Monday, June 09, 2008

Bad Science -- A grand tradition

The title for this blog is borrowed from the National Review article by Roy Spencer. Even I don't know much about Spencer, this kind of title suggests that he is clearly among Algore's "overwhelming majority."

Mr. Spencer asked and a few good questions in the article, for instance, he asked "Just how certain are we that recent warming really has been caused by SUVs spewing carbon dioxide and cows belching methane?" Answer: "After all, the greater the cost of the advertised fixes, the more certain we must be that the scientific consensus really is more than just a political statement."

Here's another: "And why should the science of global warming be so uncertain?" and a good answer: "Mostly because it is a whole lot easier to make scientific measurements than it is to figure out what those measurements are telling us about how the natural world works." Then he quoted Mark Twain as saying “Get your facts first, then you can distort them as you please.” I like this quote. Sadly many scientist distort things even without facts. he also pointed out this famous Twain quote: “There is something fascinating about science. One gets such wholesale returns of conjecture from such a trifling investment of fact.”

As someone working on the Great Lakes, I am interested in Spencer's comments on Great Lakes water level:
one you might not have heard about is the recent decline in Great Lakes water levels which is (of course) also due to global warming. For instance, Lake Superior water levels in 2007 reached near-record lows.

I say “near-record” because a similar decline was observed in the early 1920s which culminated in the record low lake level of 1926. From reading media reports of the 1926 event, one can see the continuing tradition of experts to predict events that non-experts (the public) recognize to be foolish. A Duluth Herald editorial at the time gave the common sense explanation for low lake levels:
The weather bureau has issued a report on low lake levels…the Great Lakes watershed is in a cycle of light precipitation…levels will come back when…the dry cycle is succeeded by a wet one. There have been dry cycles before….and for every dry cycle there has been a wet one to follow…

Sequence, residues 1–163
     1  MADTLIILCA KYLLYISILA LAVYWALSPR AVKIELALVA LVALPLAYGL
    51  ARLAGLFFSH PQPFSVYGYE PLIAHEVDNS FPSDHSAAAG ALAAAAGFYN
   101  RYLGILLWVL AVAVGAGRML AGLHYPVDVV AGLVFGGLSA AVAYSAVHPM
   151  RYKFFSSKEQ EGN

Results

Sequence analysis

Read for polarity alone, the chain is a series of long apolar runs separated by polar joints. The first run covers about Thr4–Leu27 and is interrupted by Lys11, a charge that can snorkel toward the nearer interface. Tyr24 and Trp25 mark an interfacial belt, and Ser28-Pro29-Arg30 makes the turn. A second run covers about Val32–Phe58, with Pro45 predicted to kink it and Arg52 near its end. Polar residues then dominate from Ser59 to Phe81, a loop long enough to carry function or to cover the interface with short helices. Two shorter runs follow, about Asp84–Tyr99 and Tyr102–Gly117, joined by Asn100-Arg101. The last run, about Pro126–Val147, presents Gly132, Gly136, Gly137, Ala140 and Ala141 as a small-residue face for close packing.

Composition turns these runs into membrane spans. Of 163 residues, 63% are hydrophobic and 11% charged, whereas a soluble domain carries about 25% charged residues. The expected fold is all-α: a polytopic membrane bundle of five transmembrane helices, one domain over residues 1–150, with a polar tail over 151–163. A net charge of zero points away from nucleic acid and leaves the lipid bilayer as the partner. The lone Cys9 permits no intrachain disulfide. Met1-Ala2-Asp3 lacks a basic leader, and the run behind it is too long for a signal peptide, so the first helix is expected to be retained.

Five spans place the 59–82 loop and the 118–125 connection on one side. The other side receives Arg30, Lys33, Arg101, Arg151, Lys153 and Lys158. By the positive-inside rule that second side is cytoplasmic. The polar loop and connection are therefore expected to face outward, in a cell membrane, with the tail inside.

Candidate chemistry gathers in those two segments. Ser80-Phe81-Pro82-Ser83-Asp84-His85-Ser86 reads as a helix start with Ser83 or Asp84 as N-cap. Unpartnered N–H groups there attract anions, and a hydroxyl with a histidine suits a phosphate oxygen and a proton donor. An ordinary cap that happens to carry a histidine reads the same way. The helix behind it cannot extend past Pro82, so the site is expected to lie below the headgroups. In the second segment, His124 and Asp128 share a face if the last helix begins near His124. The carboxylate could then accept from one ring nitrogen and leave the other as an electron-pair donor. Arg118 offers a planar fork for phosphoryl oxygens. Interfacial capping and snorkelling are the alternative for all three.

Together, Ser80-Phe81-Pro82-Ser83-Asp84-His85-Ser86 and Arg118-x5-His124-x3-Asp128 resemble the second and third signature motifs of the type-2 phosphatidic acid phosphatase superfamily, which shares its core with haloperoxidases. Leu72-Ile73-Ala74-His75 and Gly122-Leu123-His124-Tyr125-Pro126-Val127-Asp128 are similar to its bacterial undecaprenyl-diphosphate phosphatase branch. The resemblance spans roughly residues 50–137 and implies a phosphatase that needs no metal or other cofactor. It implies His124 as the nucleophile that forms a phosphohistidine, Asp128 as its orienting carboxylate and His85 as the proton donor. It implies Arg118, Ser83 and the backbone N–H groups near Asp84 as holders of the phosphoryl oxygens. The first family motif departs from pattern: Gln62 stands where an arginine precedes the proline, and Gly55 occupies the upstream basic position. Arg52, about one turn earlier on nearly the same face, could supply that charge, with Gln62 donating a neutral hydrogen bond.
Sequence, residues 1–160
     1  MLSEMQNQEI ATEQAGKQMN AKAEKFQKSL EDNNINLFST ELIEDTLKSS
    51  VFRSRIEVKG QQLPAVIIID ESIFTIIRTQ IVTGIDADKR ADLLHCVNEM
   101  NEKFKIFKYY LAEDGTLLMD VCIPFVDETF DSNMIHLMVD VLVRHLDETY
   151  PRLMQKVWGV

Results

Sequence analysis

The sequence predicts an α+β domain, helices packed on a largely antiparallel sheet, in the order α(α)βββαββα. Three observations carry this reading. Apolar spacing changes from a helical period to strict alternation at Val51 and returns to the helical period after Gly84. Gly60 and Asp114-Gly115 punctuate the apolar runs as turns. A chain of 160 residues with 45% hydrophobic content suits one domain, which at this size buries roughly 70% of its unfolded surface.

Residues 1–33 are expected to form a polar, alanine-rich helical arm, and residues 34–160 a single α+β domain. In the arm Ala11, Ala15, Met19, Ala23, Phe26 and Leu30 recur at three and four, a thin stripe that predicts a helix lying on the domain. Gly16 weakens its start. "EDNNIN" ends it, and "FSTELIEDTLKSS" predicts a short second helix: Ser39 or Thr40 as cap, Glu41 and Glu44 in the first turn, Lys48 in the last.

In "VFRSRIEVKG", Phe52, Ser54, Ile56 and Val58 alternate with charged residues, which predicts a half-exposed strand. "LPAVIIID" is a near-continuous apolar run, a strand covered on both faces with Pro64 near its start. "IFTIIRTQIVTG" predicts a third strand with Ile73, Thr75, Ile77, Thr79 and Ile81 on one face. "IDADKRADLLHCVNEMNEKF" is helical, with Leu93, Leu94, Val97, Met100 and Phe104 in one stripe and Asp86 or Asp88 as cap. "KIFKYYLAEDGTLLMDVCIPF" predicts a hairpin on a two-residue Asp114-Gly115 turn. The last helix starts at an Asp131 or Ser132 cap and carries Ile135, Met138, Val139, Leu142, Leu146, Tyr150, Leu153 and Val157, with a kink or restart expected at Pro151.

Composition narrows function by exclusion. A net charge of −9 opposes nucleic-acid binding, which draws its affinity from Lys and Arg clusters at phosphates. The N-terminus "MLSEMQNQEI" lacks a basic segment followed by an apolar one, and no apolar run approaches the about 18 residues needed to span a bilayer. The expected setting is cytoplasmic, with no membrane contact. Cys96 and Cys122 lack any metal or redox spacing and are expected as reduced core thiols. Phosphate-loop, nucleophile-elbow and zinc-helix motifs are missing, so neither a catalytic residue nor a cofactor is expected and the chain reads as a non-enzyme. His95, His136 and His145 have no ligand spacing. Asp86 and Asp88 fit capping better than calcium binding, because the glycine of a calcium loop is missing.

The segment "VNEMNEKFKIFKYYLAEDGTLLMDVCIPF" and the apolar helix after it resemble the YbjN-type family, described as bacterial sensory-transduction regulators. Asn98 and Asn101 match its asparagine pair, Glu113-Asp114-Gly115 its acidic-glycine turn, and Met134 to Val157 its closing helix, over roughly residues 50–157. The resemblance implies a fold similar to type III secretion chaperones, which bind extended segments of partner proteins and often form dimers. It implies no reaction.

But the “experts” had a very different take on the issue, as reported in the May 27, 1926 issue of Daily Mining Journal:

Ultimate extinction of the American side of the falls at Niagara is mathematically certain unless water levels in the Great Lakes are raised.

I have a difficult time reading that statement without laughing. But I suspect it wasn’t meant to be a joke.
The article is really about commenting on global warming as:
While the global-warming debate will probably slow down for some number of months, it will likely return with a vengeance sometime after the fall elections. This is, of course, unless our eight-year stretch of no warming continues. Since January of 2006 when Al Gore announced we have only ten years left to save ourselves, the globally averaged satellite measured temperature of the lower atmosphere has fallen by one degree Farenheit. Last month was the fifth-coolest month in the 30-year satellite record.

If global warming doesn’t get its act together pretty soon, there will be a lot of scientists (and more than a few politicians) who will look pretty foolish — but only to those who remember the foolish predictions. Since we still remember a few scientists in the 1970s who were announcing the arrival of a new ice age, I am hopeful that we will also be reminded of the catastrophic warming forecasts when they also fail.

But by then we will have moved on to new kinds of environmental catastrophes to predict and wring our hands over. After all, we scientists are human, too, and we must preserve our traditions.
I could hardly wait to get my hands on his new book "Climate Confusion: How Global Warming Hysteria Leads to Bad Science, Pandering Politicians and Misguided Policies that Hurt the Poor "

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